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So given an IP address it is converted into binary via calculating the binary of all different segments and then joining them. For example, 12.32.18.01 converted into a binary it would amount to this number in decimal form 12*2^24 + 32*2^16 + 18*8 + 01 My question is why to go through all this trouble and calculation. Why not just get rid of the dots in the original Ip and then convert that integer into binary. So, for this example, the binary of the above example would amount to this integer in decimal 112 032 018 001. I mean what's the problem with second approach?

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  • $\begingroup$ Are you asking why a machine does not use this approach specified or why you shouldn't use it ? $\endgroup$ – NoNeural Dec 15 '19 at 0:52
  • $\begingroup$ Ya I meant why machines don't use it in the first place $\endgroup$ – Utkarsh Dec 15 '19 at 3:25
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I am going to answer this question in two parts:
First,
Without reaching into the depths of communication, I want to mention that the data that humans do understand(such as this answer which I am typing) is classified under Layer 7 of the TCP/IP stack. This data gets converted into analog signals that travel over the wire, and any hosts connected to these wires translate these analog signals to electric signals. Electric signals have two states, 0 and 1, which we humans call binary format. So any data on the wire would essentially be looked upon as a sequence of bits and bytes.

The IP address that you mention, is a component of the IP Protocol, and this protocol is used to carry packets end to end between two hosts on a network. So, the data would be added as a payload on top of an IP packet which contains a IP header. Any devices in between these two hosts which operate on Layer-3 of the TCP/IP stack(the network layer!) would use this header to process the packet. Similarly the end hosts would use this header to determine if the packet indeed was sent to them. The IP protocol specifies the syntax and semantics of the IP Packet header, and as you might notice the size of the fields are fixed. Now any machine which is looking at a sequence of bits coming in (with the knowledge that it is receiving the IP header) can just read as many bytes as it wants to extract every field of the header. For example, given that the system knows where the IP header starts, the system could read the first 4 bits and understand that it would just read the version of IP packet.

Second,
The conversion that you mentioned, between binary and dotted decimal, is purely for representing data in human readable format(as the other answer mentions). Tools like Wireshark do this to show details of a packet(the internals of this are fascinating). So, you can choose whichever method to convert one form to the other, but the machines don't really need to do this at the level of the TCP/IP stack where it really matters. The system doesn't really see it as a dotted decimal construct, but a data structure which consists of four 8 byte fields, (or two 16).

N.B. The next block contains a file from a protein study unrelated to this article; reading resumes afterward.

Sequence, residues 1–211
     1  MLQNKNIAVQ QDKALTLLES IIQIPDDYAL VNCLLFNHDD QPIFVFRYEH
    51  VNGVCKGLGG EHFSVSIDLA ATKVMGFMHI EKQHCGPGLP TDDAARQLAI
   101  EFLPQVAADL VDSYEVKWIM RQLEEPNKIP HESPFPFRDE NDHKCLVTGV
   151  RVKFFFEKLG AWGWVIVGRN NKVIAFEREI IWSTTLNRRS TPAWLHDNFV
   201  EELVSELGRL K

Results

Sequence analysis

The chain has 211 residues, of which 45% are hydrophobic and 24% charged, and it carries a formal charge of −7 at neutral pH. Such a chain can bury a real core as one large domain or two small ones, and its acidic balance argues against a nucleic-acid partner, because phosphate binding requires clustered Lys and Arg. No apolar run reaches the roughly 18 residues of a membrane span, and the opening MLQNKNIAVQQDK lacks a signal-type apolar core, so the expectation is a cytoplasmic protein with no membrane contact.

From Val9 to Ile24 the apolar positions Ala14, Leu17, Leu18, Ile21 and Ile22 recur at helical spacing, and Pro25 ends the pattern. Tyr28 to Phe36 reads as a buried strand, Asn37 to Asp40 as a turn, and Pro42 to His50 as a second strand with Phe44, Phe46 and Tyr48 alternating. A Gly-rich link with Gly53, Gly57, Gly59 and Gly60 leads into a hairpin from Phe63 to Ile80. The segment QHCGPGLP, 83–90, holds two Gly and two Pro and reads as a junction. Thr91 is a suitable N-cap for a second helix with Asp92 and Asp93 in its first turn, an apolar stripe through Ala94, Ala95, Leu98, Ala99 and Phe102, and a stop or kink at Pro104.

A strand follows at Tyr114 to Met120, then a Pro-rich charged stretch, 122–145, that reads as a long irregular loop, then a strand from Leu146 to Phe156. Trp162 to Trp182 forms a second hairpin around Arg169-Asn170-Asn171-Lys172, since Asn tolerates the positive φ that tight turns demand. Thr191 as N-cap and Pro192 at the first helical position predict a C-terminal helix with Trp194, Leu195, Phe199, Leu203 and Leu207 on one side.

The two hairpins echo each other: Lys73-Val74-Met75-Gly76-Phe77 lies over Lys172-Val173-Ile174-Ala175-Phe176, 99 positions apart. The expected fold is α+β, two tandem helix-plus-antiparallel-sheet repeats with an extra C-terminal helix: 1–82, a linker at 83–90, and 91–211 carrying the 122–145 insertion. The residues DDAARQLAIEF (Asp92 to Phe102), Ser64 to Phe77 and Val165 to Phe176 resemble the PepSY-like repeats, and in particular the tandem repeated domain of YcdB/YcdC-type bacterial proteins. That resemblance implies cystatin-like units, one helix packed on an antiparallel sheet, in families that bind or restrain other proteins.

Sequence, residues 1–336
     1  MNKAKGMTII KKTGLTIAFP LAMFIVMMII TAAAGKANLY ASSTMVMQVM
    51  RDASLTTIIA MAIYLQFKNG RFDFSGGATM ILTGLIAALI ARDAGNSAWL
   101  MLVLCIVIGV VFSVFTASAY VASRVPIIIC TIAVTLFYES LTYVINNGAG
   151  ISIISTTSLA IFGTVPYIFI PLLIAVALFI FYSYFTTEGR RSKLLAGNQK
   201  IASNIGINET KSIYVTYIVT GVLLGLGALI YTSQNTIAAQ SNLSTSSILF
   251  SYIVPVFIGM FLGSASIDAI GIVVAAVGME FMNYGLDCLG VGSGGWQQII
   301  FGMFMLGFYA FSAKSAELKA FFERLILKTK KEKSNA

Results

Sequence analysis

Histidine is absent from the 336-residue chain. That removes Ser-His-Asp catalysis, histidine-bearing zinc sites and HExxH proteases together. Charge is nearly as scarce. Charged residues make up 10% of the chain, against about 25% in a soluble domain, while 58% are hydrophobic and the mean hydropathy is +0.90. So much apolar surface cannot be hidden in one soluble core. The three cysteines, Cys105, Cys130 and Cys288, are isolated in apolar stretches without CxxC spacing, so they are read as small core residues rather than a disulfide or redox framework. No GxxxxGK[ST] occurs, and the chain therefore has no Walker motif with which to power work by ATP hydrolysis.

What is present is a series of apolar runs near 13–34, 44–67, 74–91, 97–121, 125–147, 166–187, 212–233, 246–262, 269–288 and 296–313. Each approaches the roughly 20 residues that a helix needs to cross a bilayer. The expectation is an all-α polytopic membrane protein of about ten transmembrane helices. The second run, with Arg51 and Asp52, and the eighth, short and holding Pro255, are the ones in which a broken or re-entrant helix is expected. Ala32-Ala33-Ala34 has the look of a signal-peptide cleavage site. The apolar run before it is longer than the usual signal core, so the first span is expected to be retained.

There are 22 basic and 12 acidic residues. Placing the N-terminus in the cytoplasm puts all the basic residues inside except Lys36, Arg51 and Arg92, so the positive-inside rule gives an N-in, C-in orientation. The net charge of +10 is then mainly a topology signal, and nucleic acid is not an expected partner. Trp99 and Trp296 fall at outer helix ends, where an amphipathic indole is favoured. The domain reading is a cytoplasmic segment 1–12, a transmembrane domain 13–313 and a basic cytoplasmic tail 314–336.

Hope this helps !

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The dotted-decimal notation for IP Addresses is specifically a "human-readable" format. e.g. IP address 192.168.0.0 is from a private address range. The reason I mentioned "private" is to emphasize on the usefulness of dotted-decimal representation to analyze the classes/subnets that a given IP address represents.

Now, you're right that we could get rid of the dots and directly convert the IP address into an integer. But, it doesn't matter because computers understand numbers (including IP address) only in binary. So, although following notations represent one and the same thing, you might be interested in different notations based on the use-case: studying to grasp concepts, analyzing classes/subnets or debugging actual packet data from the network interface(which will be just a string of zeros/ones).

192.168.0.0 = 3232235520 = 0xC0A80000 = 0b‭11000000101010000000000000000000‬

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    $\begingroup$ Okay, so what I understand is that this notation provides us much more information about the network and encodes it on various levels. Something like classes $\endgroup$ – Utkarsh Dec 15 '19 at 2:38
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    $\begingroup$ Yes you're right. Try exploring more about classes/subnets and also the IPv6 format and I'm sure you'll appreciate it. $\endgroup$ – ss09 Dec 15 '19 at 2:50
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    $\begingroup$ Thanks that was helpful $\endgroup$ – Utkarsh Dec 15 '19 at 3:10

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